• Southeast Asian ecommerce is about to reach a whole new level
    24/06/2016
    All of a sudden, online payments in Southeast Asia has gotten much more interesting.

    Bloomberg reported that Ant Financial, a financial company under Alibaba, plans to buy a 20 percent stake in a Thai payments company:
    Alibaba Group Holding Ltd.’s financial affiliate is planning to purchase a 20 percent stake in Thailand’s Ascend Money in a bid to become a key financial services player in Southeast Asia. An investment into Ascend Money, parent of True Money and Ascend Nano, would help Ant Financial expand its online payments and small loans business in Southeast Asia. The company, which is said to be valued at about US$60 billion, is following billionaire Ma’s aspirations for global expansion as it ventures into countries including South Korea and India.
    This development came soon after news that Facebook is testing a feature for users to pay for products listed on Facebook Pages. The trial uses technology from fintech startup 2C2P. Facebook reportedly has plans to extend the trial to the rest of Southeast Asia.
    Another noteworthy development in the Land of Smiles is the launch of Line Man, an ecommerce delivery service by Line, a messaging app which is popular in the country.

    These moves are significant for two reasons.
    First, it shows that Thailand can’t be ignored as an ecommerce market. Indonesia is the de facto leader in Southeast Asia when it comes to online shopping, with big and small ecommerce players like Rocket Internet and Tokopedia vying for the wallets of its massive population.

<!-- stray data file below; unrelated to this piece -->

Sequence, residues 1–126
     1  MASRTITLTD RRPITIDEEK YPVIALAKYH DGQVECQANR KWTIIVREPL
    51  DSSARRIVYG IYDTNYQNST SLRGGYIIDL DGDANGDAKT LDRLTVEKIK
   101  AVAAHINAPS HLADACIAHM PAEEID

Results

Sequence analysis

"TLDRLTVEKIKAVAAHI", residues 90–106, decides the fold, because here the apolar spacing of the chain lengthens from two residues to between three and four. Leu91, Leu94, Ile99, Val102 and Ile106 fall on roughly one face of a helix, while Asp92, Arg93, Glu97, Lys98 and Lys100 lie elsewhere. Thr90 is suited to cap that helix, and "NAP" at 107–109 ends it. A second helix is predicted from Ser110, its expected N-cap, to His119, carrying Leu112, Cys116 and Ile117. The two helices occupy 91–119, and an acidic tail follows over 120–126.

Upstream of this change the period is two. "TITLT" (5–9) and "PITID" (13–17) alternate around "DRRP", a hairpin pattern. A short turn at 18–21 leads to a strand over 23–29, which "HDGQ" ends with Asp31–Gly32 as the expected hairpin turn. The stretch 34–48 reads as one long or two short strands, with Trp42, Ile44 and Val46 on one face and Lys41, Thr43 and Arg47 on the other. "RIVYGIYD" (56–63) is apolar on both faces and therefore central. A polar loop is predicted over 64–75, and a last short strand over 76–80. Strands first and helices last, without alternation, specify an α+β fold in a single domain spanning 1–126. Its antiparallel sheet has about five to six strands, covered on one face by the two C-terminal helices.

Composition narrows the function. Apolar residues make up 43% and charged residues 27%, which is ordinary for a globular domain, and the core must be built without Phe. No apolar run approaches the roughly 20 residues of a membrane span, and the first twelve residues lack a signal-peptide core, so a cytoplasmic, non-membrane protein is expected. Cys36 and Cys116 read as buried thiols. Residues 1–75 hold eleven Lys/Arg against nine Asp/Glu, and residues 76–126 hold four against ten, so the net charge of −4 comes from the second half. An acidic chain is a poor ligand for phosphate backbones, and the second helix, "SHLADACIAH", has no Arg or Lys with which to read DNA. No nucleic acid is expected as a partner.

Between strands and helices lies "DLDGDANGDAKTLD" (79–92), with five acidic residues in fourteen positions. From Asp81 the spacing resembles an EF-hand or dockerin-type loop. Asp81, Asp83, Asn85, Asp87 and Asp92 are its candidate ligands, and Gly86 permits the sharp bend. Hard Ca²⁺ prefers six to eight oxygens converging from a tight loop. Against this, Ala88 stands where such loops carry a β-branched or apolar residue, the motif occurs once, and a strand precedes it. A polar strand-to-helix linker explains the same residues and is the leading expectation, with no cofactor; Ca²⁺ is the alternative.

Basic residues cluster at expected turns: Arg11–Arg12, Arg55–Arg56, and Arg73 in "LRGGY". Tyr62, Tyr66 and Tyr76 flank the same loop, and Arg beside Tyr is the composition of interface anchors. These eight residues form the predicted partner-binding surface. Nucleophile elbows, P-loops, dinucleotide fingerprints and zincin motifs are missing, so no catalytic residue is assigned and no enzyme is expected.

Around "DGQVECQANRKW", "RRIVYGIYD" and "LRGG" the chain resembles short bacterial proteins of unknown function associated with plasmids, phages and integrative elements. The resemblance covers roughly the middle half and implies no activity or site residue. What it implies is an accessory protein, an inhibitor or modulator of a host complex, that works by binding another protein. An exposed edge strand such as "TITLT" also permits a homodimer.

But the recent investments by these big tech companies remind the rest of the world that Thailand also has huge potential. Facebook apparently picked Thailand for the trials first because of its “large market for social media commerce,” according to TechCrunch.

    Alibaba is eating Southeast Asian ecommerce

    Second, these developments in the payments space could be a harbinger for another growth spurt in Southeast Asian ecommerce. The last wave came with Rocket Internet’s massive investments into ecommerce sites Lazada and Zalora, which started in 2012. The past year, however, proved that both sites struggled to turn profitable. Yes, revenues shot up. But the unit economics were unsustainable. Both Lazada and Zalora were running out of cash.

    It became clear that Southeast Asia wasn’t ready for infrastructure-heavy ecommerce models. Singapore’s online grocery site Redmart has been bleeding money, and infrastructure-light ecommerce models like Carousell, Shopee, and Honestbee are now in vogue.
    Meanwhile, Southeast Asia’s payments landscape is as fragmented as ever. Ecommerce logistics is still nascent, but appears to be developing rapidly with the rise of aCommerce, SingPost, NinjaVan (which raised a US$30 million series B), and Anchanto.
    Lazada too had been investing in logistics, but their runway was ending.
    Enter Alibaba. The ecommerce giant swooped in and bought a controlling stake in Lazada, and in the process might have prevented Lazada from becoming like Ensogo, which laid off half its team this year. 
    By coming in relatively late (and we know first movers often don't win), the Chinese ecommerce giant could reap most of the benefits from the earlier waves of investments and talent into Southeast Asia. Alibaba can stand on the existing ecommerce infrastructure that’s already in place, build out the remaining pieces, and give the industry the final push it needs to birth forth a period of financial sustainability.
    It’s the missing piece in the jigsaw puzzle, with its expertise in logistics, payments, marketplaces, as well as its massive economies of scale and fat wallets.
    Meanwhile, Amazon appears to be simply missing. If it’s making a big push of its own, it’s good at hiding it.


    Nguồn: www.techinasia.com
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